Published since 2007
Geoff Anderson digs jazz in the Denver area, is a DJ Tuesday nights from 8 to 10 MT on KUVO; kuvo.org.
The Ken Walker Sextet is a little like the full moon, except the KWS is more dependable and swings harder. Sure, everybody knows there's a full moon once a month, but what day? It always changes. Then there's that blue moon thing. The Ken Walker Sextet, on the other hand, has the last Friday of each month nailed down at Dazzle Jazz Club in Denver. Count on it. Then there's the full moon with its graceful arc across the sky. It's nice, but does it make you snap your fingers? Walker and his band, on the other hand, evoke (but don't demand) that response.
This past Friday's performance featured Eddie Harris tunes for half of the second set. The band started with "Gone Home with a syncopated stop-start head guaranteed to put any missed notes as obviously out in the open and out of place as a naked skier. It didn't happen. From there, the band played the only original tune of the set, one still searching for a title, but described by the band leader as a Calypso in 7/4. Duke Ellington's "The Feeling of Jazz followed, then Hoagy Carmichael's "Skylark. Two more Harris tunes wrapped it up, "Nothing Else To Do and the well known greasy groove of "Cold Duck Time.
A Ken Walker Sextet show is always a nice combination of tasteful ensemble playing and solos that range from searing and blistering to lyrical and poignant. Jeff Jenkins on piano usually uncorks solos in the searing and blistering category, sometimes after a more modest start. Friday night he offered up a few of those, but he was also content to explore more lyrical, though less fiery territory. I've always thought that's a sign of a confident musiciana player who doesn't feel compelled to show off every time the spotlight turns toward them.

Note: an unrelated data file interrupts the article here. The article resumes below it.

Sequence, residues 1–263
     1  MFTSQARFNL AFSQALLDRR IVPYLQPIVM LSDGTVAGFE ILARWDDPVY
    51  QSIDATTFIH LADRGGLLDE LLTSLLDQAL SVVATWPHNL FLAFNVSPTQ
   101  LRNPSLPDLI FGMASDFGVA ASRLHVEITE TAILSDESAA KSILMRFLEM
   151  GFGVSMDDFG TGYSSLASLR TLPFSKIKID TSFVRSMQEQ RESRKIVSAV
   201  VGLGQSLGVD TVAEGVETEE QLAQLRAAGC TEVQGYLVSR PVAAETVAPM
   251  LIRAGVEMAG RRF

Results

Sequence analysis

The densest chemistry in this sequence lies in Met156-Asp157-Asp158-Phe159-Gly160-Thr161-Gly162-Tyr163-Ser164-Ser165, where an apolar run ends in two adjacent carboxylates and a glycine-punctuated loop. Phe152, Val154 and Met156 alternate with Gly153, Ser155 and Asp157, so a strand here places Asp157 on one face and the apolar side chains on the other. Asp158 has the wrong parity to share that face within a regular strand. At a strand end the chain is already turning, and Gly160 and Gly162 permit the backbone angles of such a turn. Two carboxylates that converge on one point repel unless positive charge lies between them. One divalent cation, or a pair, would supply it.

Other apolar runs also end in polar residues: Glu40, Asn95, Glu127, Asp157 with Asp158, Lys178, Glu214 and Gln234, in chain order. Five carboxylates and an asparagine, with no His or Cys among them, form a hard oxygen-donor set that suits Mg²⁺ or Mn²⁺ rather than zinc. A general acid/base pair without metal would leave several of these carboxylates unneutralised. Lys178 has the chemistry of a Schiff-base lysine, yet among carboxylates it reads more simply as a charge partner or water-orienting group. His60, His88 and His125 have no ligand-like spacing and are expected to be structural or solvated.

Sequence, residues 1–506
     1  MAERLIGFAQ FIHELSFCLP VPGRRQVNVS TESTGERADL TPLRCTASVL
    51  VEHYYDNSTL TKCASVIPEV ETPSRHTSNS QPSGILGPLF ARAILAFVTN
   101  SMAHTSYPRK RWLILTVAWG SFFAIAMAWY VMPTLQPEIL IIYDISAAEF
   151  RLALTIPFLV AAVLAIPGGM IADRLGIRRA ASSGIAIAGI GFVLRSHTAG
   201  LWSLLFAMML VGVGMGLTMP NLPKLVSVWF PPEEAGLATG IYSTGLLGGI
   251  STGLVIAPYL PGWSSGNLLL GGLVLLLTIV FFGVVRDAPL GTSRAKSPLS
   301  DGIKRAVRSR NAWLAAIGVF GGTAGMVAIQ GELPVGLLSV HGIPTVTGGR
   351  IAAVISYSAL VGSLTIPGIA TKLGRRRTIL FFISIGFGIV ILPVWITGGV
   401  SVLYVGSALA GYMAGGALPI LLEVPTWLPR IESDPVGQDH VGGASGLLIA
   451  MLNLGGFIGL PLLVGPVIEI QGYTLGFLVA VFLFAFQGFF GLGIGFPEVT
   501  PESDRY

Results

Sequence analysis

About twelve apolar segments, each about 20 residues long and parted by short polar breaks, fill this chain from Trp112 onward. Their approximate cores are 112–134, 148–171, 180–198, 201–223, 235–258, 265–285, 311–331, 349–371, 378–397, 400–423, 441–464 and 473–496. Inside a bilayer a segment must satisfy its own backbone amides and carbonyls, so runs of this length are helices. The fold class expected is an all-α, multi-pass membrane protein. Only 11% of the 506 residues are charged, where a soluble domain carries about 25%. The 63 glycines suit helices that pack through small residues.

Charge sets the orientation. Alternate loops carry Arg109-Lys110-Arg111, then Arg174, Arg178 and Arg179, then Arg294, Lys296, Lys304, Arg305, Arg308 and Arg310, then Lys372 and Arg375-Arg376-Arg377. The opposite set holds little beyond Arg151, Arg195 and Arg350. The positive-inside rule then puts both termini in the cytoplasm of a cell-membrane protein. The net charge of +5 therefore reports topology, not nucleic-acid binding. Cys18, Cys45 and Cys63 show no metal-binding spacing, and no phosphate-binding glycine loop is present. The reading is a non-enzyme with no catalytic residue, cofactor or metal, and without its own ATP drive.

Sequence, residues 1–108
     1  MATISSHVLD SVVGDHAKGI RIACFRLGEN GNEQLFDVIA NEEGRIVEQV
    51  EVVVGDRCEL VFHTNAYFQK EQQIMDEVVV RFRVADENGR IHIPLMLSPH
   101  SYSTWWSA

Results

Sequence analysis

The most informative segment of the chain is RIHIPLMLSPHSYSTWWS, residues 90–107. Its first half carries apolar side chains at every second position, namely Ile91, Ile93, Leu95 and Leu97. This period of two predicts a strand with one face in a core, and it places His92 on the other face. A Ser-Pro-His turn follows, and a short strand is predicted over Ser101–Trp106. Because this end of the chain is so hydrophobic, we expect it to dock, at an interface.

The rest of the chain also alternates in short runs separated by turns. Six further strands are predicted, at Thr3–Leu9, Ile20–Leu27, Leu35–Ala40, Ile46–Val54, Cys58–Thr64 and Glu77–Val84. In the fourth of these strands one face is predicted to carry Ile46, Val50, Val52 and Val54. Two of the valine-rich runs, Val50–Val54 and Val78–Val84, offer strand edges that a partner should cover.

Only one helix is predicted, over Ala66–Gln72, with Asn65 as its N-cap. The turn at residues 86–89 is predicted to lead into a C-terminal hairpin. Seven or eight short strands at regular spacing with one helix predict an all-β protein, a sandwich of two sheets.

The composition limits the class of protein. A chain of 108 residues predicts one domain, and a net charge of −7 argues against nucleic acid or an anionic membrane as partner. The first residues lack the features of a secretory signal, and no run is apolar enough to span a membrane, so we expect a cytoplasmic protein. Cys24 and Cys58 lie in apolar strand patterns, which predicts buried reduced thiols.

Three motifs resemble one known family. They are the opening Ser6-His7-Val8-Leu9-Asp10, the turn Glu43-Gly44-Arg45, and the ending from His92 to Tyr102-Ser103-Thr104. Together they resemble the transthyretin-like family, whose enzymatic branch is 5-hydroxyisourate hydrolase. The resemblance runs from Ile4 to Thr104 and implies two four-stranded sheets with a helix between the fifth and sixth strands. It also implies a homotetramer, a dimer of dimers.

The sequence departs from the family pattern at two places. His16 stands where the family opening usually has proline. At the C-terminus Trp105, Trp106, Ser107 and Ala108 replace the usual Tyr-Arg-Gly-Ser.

The band's front line featured Dave Corbus on guitar, Peter Sommer on tenor and Al Hood on trumpet. Hood is a big guy and the trumpet looked like a toy in his hands. His middle linebacker size was a striking visual contrast to the substantially more slender Corbus and Sommer, who flank him on stage. The solos of all three proved bebop is still alive and well. Sommer's musical personality ranged from thoughtful, poetic lines to unfurling sheets of notes.
With both a guitar and a piano in the band, those instruments are able to take turns comping the soloists, which keeps the textural colors varied. Also, the band members' laying out while a solo was going afforded them opportunities to regroup and serve up infectious back-up riffs behind a cooking solo.
The band's namesake, bassist Ken Walker laid down an absolutely solid, swinging foundation, many times with interesting, intricate lines that added real depth to the tunes. And drummer Paul Romaine seems to have perfected the art of moving each limb (including his head) in a different direction at different times while still keeping a firm beat punctuated with polyrhythmic fills.
The Ken Walker Sextet is mainly a live performance band these days, having released only one CD, the exquisite Terra Firma. There's no question that it would be great to have another album like that, but for now, the monthly Dazzle gig amounts to a pretty good deal for Denver jazz fans.
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